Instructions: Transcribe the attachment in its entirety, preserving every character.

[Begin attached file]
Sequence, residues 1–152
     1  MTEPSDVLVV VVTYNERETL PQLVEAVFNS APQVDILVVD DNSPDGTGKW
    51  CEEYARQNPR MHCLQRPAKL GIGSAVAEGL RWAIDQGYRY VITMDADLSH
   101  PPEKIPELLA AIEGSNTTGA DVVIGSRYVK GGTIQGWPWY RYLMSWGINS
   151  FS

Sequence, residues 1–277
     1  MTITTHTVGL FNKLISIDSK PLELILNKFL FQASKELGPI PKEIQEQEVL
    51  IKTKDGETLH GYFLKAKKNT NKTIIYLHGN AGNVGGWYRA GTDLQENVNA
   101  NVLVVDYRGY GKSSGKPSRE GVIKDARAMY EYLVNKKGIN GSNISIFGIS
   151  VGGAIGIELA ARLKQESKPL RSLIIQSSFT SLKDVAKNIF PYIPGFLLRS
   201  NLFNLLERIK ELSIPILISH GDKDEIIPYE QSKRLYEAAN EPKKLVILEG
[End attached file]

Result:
Sequence, residues 1–152
     1  MTEPSDVLVV VVTYNERETL PQLVEAVFNS APQVDILVVD DNSPDGTGKW
    51  CEEYARQNPR MHCLQRPAKL GIGSAVAEGL RWAIDQGYRY VITMDADLSH
   101  PPEKIPELLA AIEGSNTTGA DVVIGSRYVK GGTIQGWPWY RYLMSWGINS
   151  FS

Sequence, residues 1–277
     1  MTITTHTVGL FNKLISIDSK PLELILNKFL FQASKELGPI PKEIQEQEVL
    51  IKTKDGETLH GYFLKAKKNT NKTIIYLHGN AGNVGGWYRA GTDLQENVNA
   101  NVLVVDYRGY GKSSGKPSRE GVIKDARAMY EYLVNKKGIN GSNISIFGIS
   151  VGGAIGIELA ARLKQESKPL RSLIIQSSFT SLKDVAKNIF PYIPGFLLRS
   201  NLFNLLERIK ELSIPILISH GDKDEIIPYE QSKRLYEAAN EPKKLVILEG